Our live coverage of Russia's war in Ukraine has moved here.
Russian forces attacking the key city of Severodonetsk, in the Luhansk region of Eastern Ukraine, have enough reserved to launch a large-scale offensive, the head of the region's Military, Serhiy Hayday, said.
Speaking on Monday evening, Hayday said that dozens of pieces of Russian heavy military equipment had been brought into the region and were already deployed on the battlefield.
In the city itself, Hayday said that fighting is underway in the industrial area, but that “most of the city is under control [of Russian army]. Now the Ukrainian military controls only the industrial zone and the territory of the Azot plant.”
Hayday also provided an update on the fighting in the neighboring town of Lysychansk. He said that there was fighting along the highway between Lysychansk and Bakhmut and that all the towns in that area are being shelled and that Lysychansk “had been shelled almost all day” on Monday.
Ukraine's Deputy Defense Minister Hanna Maliar said on Monday that “the struggle is very difficult” in the eastern Luhansk region, and that making any predictions are “extremely difficult” given the “dynamic” nature of the fighting.
She added that information is changing rapidly “every half an hour the situation changes.” She said that unless either Ukrainian or Russian forces are in total control of a town or village border, “it is impossible to say what the situation is.”
On the battle for Severodonetsk, Mailar said that she was not going to make any predictions as to the outcome of the battle for the key strategic city in Luhansk region.
Maliar also went on to say that Russian forces in the region have an advantage in number of personnel and weapons.
US President Joe Biden said Monday he is “not likely” to visit Ukraine when he travels to Europe this weekend.
“That depends,” Biden said when asked if he was still planning to visit Ukraine, adding he doesn’t want to “cause more difficulty for Ukrainians.”
Asked again if he was expected to travel there while he’s in Germany and Spain for the G7 and NATO summits, Biden said: “On this trip, not likely.”
Biden has not visited Ukraine since the country has been under Russian invasion. Instead, he has sent US Secretary of State Antony Blinken and US Secretary of Defense Lloyd Austin, as well as first lady Jill Biden.
On whether he’s confident Ukraine will become a member of the European Union, Biden told reporters he thinks it’s “very likely” to happen.
Addressing the African Union Commission via video link on Monday, Ukrainian President Volodymyr Zelensky said Africa has been “taken hostage by those who started the war against our country.”
Zelensky warned the global food crisis will continue “as long as this colonizing war goes on,” affecting the lives of as many as 400 million people all over the world who depend on Ukrainian exports.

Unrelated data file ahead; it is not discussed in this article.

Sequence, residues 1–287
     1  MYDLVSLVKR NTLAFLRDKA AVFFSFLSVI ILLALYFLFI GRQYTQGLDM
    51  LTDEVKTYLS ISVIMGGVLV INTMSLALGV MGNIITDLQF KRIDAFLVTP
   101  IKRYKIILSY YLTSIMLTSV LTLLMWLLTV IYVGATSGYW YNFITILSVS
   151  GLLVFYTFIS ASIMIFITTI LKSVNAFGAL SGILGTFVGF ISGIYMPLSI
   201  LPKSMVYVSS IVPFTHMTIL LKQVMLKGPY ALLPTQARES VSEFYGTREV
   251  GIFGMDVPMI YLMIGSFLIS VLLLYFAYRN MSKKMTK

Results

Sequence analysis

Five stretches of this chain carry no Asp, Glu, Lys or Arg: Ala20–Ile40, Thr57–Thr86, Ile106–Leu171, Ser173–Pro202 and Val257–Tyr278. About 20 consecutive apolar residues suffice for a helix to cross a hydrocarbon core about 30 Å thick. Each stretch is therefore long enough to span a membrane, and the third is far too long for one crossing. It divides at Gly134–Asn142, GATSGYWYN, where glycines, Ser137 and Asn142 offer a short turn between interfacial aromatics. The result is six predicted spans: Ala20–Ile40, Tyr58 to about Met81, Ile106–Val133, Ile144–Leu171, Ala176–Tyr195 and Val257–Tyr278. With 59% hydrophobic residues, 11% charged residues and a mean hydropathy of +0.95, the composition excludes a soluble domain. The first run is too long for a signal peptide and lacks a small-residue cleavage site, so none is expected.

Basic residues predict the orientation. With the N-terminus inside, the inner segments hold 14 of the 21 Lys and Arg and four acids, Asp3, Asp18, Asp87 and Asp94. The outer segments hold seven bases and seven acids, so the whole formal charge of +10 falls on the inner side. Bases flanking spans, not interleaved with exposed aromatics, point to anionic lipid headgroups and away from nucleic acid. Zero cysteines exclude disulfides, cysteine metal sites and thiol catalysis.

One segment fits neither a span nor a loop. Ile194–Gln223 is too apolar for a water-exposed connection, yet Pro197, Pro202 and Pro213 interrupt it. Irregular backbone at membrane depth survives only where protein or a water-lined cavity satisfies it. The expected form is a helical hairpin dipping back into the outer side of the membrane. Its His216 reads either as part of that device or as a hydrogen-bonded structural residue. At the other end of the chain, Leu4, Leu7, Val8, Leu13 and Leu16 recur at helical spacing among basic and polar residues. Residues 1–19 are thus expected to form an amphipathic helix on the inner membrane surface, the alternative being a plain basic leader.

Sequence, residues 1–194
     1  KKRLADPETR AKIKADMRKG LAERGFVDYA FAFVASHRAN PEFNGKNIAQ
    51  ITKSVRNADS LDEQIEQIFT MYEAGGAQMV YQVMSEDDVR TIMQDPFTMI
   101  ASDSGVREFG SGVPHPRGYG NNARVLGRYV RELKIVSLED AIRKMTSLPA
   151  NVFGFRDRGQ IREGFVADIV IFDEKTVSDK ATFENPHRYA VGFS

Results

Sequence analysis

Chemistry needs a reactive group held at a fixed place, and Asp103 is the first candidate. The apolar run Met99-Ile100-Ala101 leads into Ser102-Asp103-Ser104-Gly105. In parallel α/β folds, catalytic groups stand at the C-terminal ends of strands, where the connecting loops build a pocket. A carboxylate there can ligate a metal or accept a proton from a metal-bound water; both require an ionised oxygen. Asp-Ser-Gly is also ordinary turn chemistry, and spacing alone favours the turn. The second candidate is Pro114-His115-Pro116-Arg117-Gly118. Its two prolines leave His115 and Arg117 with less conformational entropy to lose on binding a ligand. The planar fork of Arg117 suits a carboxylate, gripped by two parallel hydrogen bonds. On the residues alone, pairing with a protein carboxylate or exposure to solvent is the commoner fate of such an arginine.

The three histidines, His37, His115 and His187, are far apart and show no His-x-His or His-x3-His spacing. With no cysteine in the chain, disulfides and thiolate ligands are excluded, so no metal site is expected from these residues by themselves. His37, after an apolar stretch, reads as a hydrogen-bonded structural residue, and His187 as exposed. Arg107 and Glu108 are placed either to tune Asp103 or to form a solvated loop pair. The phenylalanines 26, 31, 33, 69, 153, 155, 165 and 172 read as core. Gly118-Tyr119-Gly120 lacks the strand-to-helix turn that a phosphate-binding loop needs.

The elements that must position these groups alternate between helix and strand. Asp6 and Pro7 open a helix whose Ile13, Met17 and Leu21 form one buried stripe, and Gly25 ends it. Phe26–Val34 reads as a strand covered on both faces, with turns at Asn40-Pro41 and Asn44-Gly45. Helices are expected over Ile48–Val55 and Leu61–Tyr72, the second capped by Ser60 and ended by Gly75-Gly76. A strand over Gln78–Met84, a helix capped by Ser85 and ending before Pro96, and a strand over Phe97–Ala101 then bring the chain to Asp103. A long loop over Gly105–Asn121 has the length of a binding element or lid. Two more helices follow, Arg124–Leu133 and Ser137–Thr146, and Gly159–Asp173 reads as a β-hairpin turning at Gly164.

“Our main task right now is to eliminate the threat of famine. In the 21st century this threat simply cannot be, thanks to Ukraine and thanks to our agrarian industry,” he said.
“If it wasn’t for the Russia’s war, you would be in a different situation right now – in a totally secure situation. Therefore, to avoid famine, the attempts of countries like Russia to return the colonial policy of landgrabs has to come to an end,” Zelensky said.
According to Zelensky, Ukraine is attempting to build new supply logistics, but 25 million tonnes of grain still remain on hold as Russia continues to block Ukrainian ports.
More background: Russia's war in Ukraine could push up to 49 million people into famine or famine-like conditions because of its devastating impact on global food supply and prices, the United Nations has said.
With its fertile soil and sprawling agricultural lands, Ukraine has long been described as one of the world's breadbaskets. But Russia's unprovoked assault is now putting a huge strain on Ukraine's food production and exports. The ripple effects are being felt around the world.
Russia's blockade of Ukrainian ports has already raised global food prices and threatens to cause a catastrophic food shortage in parts of the world, the UN said.
The Russian invasion has affected Ukraine's entire food production and supply chain: From sowing to harvesting to exports. The Food and Agriculture Organization of the United Nations (FAO) estimates that between 20% and 30% of Ukraine's agricultural land will remain either unplanted or unharvested this year because of the war.
With regards to food that is already harvested, Ukrainian authorities, and some international officials, have accused Russia of robbing the country of grain and other commodities in areas it occupies.
Read more here.
CNN's Ivana Kottasová contributed reporting to this post.
In a nationwide first, German authorities have seized three flats belonging to a sanctioned Russian parliamentarian and his wife.
The Munich flats owned by the Duma representative and his wife were seized together with a bank account used to facilitate rental payments worth 3,500 euros ($3,700) per month to the couple, Munich's public prosecutor said Monday.
The case was the first in Germany in which assets belonging to a sanctioned individual were seized rather than frozen.
The owner of the flat was only identified by his initial L., as is customary in Germany. The Duma member was sanctioned by the European Union on Feb. 23, 2022 – one day before Russia invaded Ukraine – over his support for Russian President Vladimir Putin's move to recognize breakaway eastern Ukrainian territories as independent, Munich's public prosecutor said.
Two of the flats were owned by both the Duma member and his unidentified wife, while one apartment was only in his wife's name. As the spouse of a sanctioned individual, the man's wife was also subject to sanctions, Munich's public prosecutor argued.